However, the explosion of inequality over the last 40 years (you know, that whole thing about how 82% of stock is owned by 10% of Americans that made the news this week) and subsequent anger and disillusionment across many corners of the population exposed that, in practice, our national government has ceased to subscribe to those public values. When Congress talks about tax cuts or healthcare, whatever process-based discussion on benefits they turn to doesn’t ring true to most of us; rightfully so. Our national government is anti-public.

Though our national government might be failing public-minded values, not surprisingly it is very successful at supporting private profit-seeking values. But let’s be clear, favoring private interest over the public good is not an American value. Promoting the public good through the protection of private interest certainly is. That distinction has been lost in our contemporary society and we are all suffering for it.

The problem is that this erosion of pubic-minded values has coincided with the rise of technocratic methods in governing. The sophistication of processcreates the impression of greater public oversight but has actually baked in the anti-public values that undermine it.

This is my problem with the report. It first lays out a clear rationale for the problems with the current planning process: it is inconsistent across neighborhoods; it favors wealthier communities over poorer ones; it provides limited resources and recourse for neighborhood groups. It then proposes specific changes and strategies to address them that include all stakeholders. This is all true and good, but to what end? I don’t know. The process is the point of this report.

This is backwards. The values informing the process should be the point of the report. I don’t get a sense of what a better planning process will do to materially improve the major problems in the city — a lack of affordable housing leading to greater displacement, a lack of resources for public infrastructure leading to a lower quality of life and opportunity, an inability to plan ahead on climate change and other long-term issues that existentially threaten our future.

I’m not saying a better planning process won’t do that. I know it will. But I know what “better” mean to me. People reading this will say “of course the report talks about values” and, yes, it is even titled “Inclusive City” and talks about how it wants more community engagement, buy-in, and control. Inclusivity, decentralization, transparency — they certainly sound like values. But in reality, they are more Stephen Colbert “value-y” terms than actual value claims.

The authors of the report believe that a more open rezoning process is good because it encourages inclusivity. They believe that inclusivity is good because it creates more faith in government process. More faith in government process creates a shared vision for the future of the city.

Setting aside the potential challenges in executing these recommendations or if they would even address the bigger problems they aim to, none of this articulates what any of these authors think the vision of the city should be, why we should have faith in government process, and why we need that process to be inclusive.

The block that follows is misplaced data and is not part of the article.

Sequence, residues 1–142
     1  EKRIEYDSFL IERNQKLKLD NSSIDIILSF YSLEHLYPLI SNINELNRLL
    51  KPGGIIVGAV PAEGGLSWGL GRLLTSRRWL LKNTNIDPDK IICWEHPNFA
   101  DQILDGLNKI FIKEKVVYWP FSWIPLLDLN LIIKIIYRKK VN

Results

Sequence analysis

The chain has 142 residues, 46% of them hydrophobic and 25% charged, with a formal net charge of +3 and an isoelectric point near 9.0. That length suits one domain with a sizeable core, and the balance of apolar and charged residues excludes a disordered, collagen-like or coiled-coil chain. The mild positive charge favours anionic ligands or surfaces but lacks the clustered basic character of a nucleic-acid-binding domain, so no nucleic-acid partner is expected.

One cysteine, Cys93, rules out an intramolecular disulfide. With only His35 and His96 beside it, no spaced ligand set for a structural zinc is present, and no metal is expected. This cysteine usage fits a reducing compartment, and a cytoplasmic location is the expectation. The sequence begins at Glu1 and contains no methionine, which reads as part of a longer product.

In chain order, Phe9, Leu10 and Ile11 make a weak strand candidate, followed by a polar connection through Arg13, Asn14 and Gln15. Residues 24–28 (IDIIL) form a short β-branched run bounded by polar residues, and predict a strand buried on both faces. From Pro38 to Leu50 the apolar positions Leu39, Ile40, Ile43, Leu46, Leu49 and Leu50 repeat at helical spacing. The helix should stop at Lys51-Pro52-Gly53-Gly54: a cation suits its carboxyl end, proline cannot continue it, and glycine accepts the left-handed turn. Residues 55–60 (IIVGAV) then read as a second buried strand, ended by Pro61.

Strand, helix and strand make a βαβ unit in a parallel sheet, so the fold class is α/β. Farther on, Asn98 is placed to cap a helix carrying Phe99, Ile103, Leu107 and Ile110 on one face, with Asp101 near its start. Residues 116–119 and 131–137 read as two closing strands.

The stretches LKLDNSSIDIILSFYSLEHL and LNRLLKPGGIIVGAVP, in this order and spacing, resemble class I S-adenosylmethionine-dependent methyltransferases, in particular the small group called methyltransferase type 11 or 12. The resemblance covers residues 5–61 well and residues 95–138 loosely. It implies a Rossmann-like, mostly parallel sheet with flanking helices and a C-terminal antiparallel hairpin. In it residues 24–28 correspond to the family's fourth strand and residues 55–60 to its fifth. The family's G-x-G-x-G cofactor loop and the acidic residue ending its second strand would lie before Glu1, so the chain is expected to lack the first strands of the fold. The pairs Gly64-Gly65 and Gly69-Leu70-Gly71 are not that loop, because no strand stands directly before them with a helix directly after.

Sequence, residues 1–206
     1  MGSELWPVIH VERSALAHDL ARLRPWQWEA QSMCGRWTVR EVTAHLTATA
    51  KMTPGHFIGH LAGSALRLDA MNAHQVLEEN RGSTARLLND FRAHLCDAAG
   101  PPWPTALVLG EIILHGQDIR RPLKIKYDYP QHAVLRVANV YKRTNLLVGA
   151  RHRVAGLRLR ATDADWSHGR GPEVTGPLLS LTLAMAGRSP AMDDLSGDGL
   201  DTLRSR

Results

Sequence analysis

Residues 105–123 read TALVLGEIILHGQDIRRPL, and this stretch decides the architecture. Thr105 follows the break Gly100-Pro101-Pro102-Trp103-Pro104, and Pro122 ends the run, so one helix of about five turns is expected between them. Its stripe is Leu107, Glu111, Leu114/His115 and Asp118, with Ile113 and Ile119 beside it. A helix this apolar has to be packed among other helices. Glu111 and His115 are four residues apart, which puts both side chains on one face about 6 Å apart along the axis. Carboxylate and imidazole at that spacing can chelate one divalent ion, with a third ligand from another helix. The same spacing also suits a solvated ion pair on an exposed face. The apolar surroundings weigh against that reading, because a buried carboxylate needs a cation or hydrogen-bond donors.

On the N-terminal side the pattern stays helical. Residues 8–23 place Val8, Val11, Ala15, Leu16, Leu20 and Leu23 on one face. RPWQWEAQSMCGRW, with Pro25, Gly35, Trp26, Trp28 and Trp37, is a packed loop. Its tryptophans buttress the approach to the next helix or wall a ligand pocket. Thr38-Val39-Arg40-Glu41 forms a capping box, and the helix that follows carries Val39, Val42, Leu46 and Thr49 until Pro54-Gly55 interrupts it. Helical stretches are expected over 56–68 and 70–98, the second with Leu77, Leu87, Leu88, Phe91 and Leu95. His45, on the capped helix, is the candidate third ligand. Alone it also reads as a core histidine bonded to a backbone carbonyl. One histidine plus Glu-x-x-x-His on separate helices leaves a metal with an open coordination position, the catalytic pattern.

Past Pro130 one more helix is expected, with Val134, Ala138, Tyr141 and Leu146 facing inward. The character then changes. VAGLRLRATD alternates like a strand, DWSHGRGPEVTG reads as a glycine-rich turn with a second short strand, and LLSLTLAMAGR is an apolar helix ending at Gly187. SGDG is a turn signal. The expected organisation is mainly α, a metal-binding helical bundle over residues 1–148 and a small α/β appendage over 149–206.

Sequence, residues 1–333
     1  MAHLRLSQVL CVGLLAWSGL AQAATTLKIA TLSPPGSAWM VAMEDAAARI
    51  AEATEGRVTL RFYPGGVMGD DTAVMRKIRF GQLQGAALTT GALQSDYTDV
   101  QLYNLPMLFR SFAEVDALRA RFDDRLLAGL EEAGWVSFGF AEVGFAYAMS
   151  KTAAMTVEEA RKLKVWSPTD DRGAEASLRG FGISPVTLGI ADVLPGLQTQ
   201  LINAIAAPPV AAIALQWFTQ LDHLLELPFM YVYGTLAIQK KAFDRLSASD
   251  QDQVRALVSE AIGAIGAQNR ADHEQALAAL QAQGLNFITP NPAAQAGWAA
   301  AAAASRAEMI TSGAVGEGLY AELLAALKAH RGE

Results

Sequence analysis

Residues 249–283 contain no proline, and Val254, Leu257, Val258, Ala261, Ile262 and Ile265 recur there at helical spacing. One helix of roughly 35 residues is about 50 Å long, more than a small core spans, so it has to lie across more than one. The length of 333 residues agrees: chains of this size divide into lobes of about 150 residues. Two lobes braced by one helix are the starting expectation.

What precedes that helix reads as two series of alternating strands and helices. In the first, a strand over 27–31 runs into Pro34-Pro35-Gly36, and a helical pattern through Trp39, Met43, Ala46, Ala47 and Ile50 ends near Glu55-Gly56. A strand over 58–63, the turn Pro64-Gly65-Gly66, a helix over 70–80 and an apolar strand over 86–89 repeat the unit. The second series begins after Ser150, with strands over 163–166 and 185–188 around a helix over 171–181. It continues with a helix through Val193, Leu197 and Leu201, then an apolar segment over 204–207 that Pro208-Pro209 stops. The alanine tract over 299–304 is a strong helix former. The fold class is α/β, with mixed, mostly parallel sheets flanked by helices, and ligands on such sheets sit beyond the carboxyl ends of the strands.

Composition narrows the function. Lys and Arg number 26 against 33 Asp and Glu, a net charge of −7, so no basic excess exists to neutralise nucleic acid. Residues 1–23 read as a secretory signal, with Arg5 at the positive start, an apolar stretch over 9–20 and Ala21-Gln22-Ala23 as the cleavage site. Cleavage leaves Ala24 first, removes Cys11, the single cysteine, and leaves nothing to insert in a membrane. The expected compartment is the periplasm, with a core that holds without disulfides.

Perhaps those values could be something like “because the city has an obligation to provide the basic foundations of prosperity. That all citizens — especially the wealthy — have an obligation to the city and each other. Because there should be more public-ownership of land and resources. Because the only way self-government has legitimacy is if it is pursuing the public good as defined by the engaged public.” That’s just one idea, but I get what a better planning process is trying to achieve then.

This report also commits another common technocratic error. It, perhaps strangely given its focus, ignores the anti-public values that in practice have created our city’s land-use problems in the first place (and presumably undermined the success of the current planning regime). It alludes to the current, flawed process but doesn’t name names as to who benefits and why. Clearly some people are benefiting under this system.

We can only really understand what this report is trying to change and if it is serious about doing so if it does challenge those that benefit from the current system. Without doing so, the process lets those actors and those anti-public values off the hook. This, unfortunately and perhaps unintentionally, reinforces the basic operating premise of anti-public values that allow that small group of private actors to benefit over the general public good in the first place.

The other related problem is that by not calling them out, the report might (again, perhaps unintentionally) allow the casual reader (or voter) to innocently assume that this report is on the pubic good side, while it’s nebulous value claims actually just allow the status quo to remain in place.

The average citizen knows how hard living in NYC is, how much inequality there is, but she can’t reasonably be expected to know how land-use policy impacts that. The authors of this report do know (or should know) but fail us by not using their expertise to articulate it and how to fix it. We need them to speak up for the public and the public good. That means speaking out against people that oppose it.

Will more community control reduce displacement? Maybe, but what is the community and who gets to define it in any given neighborhood? This report doesn’t say. Will a more inclusive planning process create a more legitimate city government? This report doesn’t say what gives government legitimacy in the first place. If it is still ultimately serving private interest over public interest, who cares if the public has a nominally greater opportunity to weigh in? The powerful will still prevail and the public will still suffer.

We only need to look at previous technocratic revolutions in NYC to see that we’ve had this problem before. In 1975 — after the fallout of Robert Moses slash and burn development era — NYC created the modern community boardmodel and ULURP process (which were again reformed in 1989.) These reforms were also about improving process and about inclusivity, decentralization, and transparency. This is the process that now needs a new process.

The city does need a new land-use process. The city needs smart, engaged, and trained people to help craft it. We are lucky that so many people are already at the public’s disposal and willing to try. But we must have public-minded values that create the legitimacy of our self-government define the goals that any process should achieve. Without them, process won’t matter. Indeed, without them, process is just a weapon used against the public.